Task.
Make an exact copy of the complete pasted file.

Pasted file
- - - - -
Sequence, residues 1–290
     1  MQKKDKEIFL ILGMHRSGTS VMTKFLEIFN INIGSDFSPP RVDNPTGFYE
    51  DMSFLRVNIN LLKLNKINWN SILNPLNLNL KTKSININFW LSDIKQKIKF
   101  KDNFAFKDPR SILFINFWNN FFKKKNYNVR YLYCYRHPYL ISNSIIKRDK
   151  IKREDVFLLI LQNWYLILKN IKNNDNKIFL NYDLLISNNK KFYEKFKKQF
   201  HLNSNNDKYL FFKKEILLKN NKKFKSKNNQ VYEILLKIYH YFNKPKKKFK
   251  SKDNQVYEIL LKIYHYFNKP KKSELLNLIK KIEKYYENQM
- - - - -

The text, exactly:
Sequence, residues 1–290
     1  MQKKDKEIFL ILGMHRSGTS VMTKFLEIFN INIGSDFSPP RVDNPTGFYE
    51  DMSFLRVNIN LLKLNKINWN SILNPLNLNL KTKSININFW LSDIKQKIKF
   101  KDNFAFKDPR SILFINFWNN FFKKKNYNVR YLYCYRHPYL ISNSIIKRDK
   151  IKREDVFLLI LQNWYLILKN IKNNDNKIFL NYDLLISNNK KFYEKFKKQF
   201  HLNSNNDKYL FFKKEILLKN NKKFKSKNNQ VYEILLKIYH YFNKPKKKFK
   251  SKDNQVYEIL LKIYHYFNKP KKSELLNLIK KIEKYYENQM